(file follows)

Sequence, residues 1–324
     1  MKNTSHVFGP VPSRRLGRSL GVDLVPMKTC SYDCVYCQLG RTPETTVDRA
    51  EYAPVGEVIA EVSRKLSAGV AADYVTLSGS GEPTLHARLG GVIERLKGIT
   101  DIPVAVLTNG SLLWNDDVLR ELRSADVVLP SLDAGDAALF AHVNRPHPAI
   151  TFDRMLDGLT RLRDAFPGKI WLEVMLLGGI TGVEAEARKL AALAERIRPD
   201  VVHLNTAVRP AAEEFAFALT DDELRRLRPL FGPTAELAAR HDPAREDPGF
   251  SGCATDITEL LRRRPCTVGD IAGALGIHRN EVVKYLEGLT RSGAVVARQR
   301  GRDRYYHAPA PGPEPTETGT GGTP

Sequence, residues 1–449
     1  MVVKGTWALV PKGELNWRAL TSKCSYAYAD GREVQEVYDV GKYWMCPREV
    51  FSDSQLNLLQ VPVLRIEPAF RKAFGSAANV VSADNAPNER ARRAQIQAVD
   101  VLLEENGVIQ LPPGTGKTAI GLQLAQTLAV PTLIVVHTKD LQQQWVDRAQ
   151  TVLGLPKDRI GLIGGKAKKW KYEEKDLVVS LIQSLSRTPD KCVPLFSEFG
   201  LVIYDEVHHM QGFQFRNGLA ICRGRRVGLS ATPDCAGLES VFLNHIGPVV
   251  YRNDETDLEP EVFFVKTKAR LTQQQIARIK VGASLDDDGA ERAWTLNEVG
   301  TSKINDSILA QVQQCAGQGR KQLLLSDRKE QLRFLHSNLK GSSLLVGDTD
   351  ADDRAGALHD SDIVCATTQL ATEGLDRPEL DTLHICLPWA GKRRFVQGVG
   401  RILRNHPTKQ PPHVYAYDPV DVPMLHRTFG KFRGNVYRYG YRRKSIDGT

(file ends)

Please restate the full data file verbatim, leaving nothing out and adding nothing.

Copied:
Sequence, residues 1–324
     1  MKNTSHVFGP VPSRRLGRSL GVDLVPMKTC SYDCVYCQLG RTPETTVDRA
    51  EYAPVGEVIA EVSRKLSAGV AADYVTLSGS GEPTLHARLG GVIERLKGIT
   101  DIPVAVLTNG SLLWNDDVLR ELRSADVVLP SLDAGDAALF AHVNRPHPAI
   151  TFDRMLDGLT RLRDAFPGKI WLEVMLLGGI TGVEAEARKL AALAERIRPD
   201  VVHLNTAVRP AAEEFAFALT DDELRRLRPL FGPTAELAAR HDPAREDPGF
   251  SGCATDITEL LRRRPCTVGD IAGALGIHRN EVVKYLEGLT RSGAVVARQR
   301  GRDRYYHAPA PGPEPTETGT GGTP

Sequence, residues 1–449
     1  MVVKGTWALV PKGELNWRAL TSKCSYAYAD GREVQEVYDV GKYWMCPREV
    51  FSDSQLNLLQ VPVLRIEPAF RKAFGSAANV VSADNAPNER ARRAQIQAVD
   101  VLLEENGVIQ LPPGTGKTAI GLQLAQTLAV PTLIVVHTKD LQQQWVDRAQ
   151  TVLGLPKDRI GLIGGKAKKW KYEEKDLVVS LIQSLSRTPD KCVPLFSEFG
   201  LVIYDEVHHM QGFQFRNGLA ICRGRRVGLS ATPDCAGLES VFLNHIGPVV
   251  YRNDETDLEP EVFFVKTKAR LTQQQIARIK VGASLDDDGA ERAWTLNEVG
   301  TSKINDSILA QVQQCAGQGR KQLLLSDRKE QLRFLHSNLK GSSLLVGDTD
   351  ADDRAGALHD SDIVCATTQL ATEGLDRPEL DTLHICLPWA GKRRFVQGVG
   401  RILRNHPTKQ PPHVYAYDPV DVPMLHRTFG KFRGNVYRYG YRRKSIDGT